In Michigan, the “uncommitted” campaign launched by progressive groups and the Arab-American community to punish Biden for his pro-Israel position secured 100,000 votes, 13.2% of the primary vote. This is in a state where Biden defeated Donald Trump in 2020 by just 150,000 votes. The “uncommitted” vote also scored a high percentage in half a dozen other states, from Massachusetts to Washington, serving as a warning to the White House that its pro-Israeli positions could cost it key swing states, and with them, the presidential elections in November. This past Thursday, representatives of the Arab-American community refused to participate in a meeting in Chicago with Biden’s advisors.

In the past two weeks, the White House has sent out a number of signs of its frustration with the Israeli government. Vice President Kamala Harris received Benny Gantz, Netanyahu’s political rival, at the White House, accentuating the difference in how the prime minister is treated. In response to Israel’s obstacles to the entry of humanitarian aid by land, which has fallen to a mere trickle, the White House air dropped aid in Gaza and announced the construction of a temporary port. Biden was caught on a hot mike saying that he and Netanyahu will need to have a “come to Jesus meeting.” And in an interview, Biden warned that Netanyahu is “hurting Israel more than helping Israel.”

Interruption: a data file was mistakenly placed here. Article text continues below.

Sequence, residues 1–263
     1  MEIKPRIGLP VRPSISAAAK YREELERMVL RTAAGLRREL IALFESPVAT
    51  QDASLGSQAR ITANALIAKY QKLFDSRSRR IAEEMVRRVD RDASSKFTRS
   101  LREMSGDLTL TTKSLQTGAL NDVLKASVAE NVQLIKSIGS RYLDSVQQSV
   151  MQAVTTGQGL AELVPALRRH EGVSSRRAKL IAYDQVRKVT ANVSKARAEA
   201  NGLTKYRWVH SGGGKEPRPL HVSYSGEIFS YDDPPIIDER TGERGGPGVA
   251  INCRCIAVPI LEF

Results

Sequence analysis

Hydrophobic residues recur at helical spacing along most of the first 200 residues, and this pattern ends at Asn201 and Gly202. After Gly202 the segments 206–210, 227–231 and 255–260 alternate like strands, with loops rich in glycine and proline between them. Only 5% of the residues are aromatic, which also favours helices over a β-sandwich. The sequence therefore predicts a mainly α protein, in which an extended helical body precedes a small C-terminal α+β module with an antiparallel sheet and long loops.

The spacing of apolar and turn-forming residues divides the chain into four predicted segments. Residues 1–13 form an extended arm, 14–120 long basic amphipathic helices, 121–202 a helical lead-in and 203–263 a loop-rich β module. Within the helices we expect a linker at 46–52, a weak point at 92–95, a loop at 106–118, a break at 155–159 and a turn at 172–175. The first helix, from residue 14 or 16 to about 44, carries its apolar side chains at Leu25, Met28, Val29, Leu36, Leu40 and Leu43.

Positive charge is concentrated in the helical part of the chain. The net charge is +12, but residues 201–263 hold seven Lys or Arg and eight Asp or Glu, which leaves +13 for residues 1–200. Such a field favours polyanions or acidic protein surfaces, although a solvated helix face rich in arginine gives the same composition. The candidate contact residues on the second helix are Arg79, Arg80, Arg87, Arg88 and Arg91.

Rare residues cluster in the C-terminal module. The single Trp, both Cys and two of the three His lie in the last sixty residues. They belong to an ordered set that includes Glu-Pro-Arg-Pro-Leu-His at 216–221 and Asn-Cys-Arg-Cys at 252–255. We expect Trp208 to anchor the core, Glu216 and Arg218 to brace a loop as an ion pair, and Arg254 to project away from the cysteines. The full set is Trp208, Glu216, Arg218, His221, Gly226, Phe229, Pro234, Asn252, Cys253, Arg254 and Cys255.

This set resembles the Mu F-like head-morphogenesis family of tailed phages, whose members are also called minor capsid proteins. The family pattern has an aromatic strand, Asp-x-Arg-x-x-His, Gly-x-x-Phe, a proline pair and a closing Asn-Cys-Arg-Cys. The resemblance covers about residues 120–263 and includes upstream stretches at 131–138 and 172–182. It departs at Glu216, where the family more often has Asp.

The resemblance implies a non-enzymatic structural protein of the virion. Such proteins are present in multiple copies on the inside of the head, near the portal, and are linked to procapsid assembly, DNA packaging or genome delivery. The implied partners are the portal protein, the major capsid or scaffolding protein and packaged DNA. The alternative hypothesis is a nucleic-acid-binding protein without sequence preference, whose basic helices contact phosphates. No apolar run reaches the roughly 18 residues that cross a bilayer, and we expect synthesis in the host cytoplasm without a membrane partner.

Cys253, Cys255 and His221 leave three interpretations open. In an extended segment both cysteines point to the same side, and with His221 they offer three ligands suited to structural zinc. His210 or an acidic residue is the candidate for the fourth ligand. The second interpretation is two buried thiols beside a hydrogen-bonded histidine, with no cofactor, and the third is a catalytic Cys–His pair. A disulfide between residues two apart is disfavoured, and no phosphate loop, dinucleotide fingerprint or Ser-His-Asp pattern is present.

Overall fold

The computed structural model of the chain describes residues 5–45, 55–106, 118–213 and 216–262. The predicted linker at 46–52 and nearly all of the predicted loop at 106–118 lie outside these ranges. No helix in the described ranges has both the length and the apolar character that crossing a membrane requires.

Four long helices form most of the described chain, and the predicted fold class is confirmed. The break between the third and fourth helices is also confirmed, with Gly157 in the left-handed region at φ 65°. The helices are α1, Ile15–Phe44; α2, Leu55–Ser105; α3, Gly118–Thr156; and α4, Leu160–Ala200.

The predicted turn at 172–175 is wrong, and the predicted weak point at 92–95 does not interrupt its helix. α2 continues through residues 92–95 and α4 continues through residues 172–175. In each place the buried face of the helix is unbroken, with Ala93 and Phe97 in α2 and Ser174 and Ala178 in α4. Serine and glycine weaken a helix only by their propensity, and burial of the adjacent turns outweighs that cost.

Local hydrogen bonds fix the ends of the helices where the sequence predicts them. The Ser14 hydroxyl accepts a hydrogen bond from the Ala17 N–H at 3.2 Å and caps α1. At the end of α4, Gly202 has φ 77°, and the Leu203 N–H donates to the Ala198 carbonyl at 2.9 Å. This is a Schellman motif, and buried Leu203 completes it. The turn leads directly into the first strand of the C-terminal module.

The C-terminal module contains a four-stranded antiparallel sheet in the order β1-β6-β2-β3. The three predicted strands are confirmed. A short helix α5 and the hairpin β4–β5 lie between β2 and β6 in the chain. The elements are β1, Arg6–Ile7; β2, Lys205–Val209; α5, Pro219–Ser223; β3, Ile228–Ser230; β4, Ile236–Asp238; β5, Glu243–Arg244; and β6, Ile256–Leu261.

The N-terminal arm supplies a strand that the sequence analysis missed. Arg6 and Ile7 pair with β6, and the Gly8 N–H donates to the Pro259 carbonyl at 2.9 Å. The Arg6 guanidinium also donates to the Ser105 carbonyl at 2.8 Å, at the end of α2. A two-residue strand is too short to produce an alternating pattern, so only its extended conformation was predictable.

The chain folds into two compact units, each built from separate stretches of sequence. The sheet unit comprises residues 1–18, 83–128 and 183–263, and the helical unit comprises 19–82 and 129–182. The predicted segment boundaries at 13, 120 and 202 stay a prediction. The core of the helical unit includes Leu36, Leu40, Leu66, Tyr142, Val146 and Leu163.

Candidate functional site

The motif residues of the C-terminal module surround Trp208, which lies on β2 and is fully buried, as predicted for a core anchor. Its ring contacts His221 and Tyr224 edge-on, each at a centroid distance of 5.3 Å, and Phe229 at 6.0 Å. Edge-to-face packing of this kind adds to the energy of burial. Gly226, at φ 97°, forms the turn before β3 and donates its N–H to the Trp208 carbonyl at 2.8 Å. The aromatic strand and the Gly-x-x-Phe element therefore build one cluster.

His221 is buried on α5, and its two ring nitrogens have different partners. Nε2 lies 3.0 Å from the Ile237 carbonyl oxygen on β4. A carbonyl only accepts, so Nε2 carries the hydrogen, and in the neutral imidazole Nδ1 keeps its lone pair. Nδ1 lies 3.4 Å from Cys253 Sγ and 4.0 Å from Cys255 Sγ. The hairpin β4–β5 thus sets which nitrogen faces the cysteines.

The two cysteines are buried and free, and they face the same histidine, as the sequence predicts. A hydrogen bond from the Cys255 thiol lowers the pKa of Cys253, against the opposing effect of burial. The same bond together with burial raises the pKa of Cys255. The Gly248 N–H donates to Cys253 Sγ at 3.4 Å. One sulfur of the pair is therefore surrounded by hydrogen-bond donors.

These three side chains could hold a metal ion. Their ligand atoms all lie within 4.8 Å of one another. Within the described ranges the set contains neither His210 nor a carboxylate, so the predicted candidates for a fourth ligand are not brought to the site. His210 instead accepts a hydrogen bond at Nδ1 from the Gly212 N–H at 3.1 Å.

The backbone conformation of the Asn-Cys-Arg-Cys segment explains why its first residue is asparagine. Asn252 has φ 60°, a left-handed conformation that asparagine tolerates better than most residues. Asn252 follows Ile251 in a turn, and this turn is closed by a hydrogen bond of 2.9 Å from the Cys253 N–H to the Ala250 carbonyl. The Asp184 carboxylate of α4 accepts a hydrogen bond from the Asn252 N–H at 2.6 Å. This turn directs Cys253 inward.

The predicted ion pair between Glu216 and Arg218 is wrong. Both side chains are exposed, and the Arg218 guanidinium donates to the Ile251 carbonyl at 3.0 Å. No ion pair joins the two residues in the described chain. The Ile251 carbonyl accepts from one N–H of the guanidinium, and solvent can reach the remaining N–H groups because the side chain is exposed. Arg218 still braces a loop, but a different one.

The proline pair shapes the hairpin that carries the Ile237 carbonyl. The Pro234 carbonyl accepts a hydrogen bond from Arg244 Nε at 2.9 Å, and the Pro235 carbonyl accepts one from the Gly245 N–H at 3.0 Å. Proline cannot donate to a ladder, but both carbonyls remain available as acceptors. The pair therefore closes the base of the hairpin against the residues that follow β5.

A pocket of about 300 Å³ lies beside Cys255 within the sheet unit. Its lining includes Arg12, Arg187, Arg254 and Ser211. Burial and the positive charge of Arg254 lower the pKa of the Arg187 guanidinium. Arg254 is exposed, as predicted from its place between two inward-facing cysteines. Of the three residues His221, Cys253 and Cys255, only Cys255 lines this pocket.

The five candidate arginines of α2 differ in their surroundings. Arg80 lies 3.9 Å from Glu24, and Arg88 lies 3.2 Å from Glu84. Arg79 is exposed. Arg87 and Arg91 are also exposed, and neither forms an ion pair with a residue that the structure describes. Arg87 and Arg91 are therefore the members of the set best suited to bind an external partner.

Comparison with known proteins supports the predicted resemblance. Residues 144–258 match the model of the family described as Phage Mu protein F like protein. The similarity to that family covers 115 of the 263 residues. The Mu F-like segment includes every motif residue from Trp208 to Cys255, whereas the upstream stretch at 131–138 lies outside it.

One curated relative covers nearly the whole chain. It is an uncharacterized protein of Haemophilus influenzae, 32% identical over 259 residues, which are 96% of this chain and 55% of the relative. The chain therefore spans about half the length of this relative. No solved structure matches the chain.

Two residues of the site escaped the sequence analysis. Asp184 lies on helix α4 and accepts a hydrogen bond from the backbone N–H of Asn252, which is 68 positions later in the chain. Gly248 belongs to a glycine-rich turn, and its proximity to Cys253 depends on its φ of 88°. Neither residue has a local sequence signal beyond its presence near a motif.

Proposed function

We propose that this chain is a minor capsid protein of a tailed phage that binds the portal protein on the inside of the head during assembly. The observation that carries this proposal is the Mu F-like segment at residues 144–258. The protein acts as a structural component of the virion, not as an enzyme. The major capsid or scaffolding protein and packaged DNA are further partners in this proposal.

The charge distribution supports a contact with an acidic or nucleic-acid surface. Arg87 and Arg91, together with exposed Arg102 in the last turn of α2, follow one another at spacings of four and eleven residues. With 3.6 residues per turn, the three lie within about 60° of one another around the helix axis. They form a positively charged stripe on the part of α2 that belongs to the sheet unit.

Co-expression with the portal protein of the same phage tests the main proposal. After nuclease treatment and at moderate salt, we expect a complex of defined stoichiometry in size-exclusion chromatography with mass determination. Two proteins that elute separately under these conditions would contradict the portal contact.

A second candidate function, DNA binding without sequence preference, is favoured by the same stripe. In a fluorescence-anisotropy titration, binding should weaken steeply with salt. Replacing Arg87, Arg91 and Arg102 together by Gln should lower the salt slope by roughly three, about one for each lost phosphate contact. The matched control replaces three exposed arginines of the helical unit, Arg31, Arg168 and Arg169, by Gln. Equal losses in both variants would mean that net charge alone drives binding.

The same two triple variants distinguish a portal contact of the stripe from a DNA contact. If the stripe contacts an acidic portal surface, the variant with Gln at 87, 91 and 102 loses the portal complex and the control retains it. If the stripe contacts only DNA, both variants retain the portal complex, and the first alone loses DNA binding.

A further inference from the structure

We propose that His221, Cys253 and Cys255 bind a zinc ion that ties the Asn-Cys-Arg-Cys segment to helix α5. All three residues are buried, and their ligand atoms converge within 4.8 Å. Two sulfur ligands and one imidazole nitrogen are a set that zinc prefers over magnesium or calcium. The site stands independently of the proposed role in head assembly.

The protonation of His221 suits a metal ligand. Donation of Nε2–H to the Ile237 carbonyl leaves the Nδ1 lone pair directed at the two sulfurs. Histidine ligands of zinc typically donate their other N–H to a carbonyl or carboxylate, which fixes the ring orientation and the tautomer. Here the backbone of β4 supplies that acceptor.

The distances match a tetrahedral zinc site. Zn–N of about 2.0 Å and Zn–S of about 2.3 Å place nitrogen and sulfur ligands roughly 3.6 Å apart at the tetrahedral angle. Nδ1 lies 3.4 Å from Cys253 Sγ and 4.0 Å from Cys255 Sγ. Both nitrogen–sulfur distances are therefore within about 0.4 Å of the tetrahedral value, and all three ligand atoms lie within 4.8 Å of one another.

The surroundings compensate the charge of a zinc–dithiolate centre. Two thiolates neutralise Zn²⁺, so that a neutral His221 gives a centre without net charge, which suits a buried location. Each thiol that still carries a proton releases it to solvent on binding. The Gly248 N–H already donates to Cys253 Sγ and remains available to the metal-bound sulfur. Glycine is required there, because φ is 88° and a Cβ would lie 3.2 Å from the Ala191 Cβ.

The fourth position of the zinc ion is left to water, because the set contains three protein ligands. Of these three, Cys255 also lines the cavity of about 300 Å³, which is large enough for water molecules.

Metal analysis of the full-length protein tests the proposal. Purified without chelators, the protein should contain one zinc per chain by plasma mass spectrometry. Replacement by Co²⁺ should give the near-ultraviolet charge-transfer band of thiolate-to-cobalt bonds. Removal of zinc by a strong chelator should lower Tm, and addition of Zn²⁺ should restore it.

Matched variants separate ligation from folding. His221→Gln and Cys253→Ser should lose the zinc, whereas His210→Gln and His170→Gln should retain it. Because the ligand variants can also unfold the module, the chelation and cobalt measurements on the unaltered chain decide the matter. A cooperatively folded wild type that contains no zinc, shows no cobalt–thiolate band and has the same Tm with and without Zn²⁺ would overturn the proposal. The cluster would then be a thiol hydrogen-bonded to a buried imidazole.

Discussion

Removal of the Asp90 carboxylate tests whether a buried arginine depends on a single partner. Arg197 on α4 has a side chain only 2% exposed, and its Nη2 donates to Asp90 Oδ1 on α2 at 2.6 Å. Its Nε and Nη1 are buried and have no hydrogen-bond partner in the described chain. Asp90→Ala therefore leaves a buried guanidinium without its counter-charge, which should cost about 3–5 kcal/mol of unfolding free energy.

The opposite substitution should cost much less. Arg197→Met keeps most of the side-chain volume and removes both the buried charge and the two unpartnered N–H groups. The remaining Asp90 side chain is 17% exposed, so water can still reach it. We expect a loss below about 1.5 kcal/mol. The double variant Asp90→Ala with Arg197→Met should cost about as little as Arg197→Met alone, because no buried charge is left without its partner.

Schumer’s speech, and Biden’s praise of it, is just the icing on that cake. The senator is the highest-ranking Jew in the American political hierarchy and a pro-Israel hawk, whom no one can call anti-Semitic. His comments open the door for other Democrats to openly criticize the Israeli prime minister and his government.

“Israel is not a banana republic”

In Israel, such criticism has stung. “Israel is not a banana republic,” said Netanyahu’s Likud party after Schumer’s speech. The prime minister, and extremist members of his coalition, insist that, despite U.S. pressure, they are not going to give in on issues such as allowing the Palestinian Authority to govern Gaza after the war, or the need for a two-state solution. When Biden warned that an offensive against the Gazan city of Rafah was a “red line” that should not be crossed, Netanyahu responded that his “red line” was making sure “October 7 doesn’t happen again.”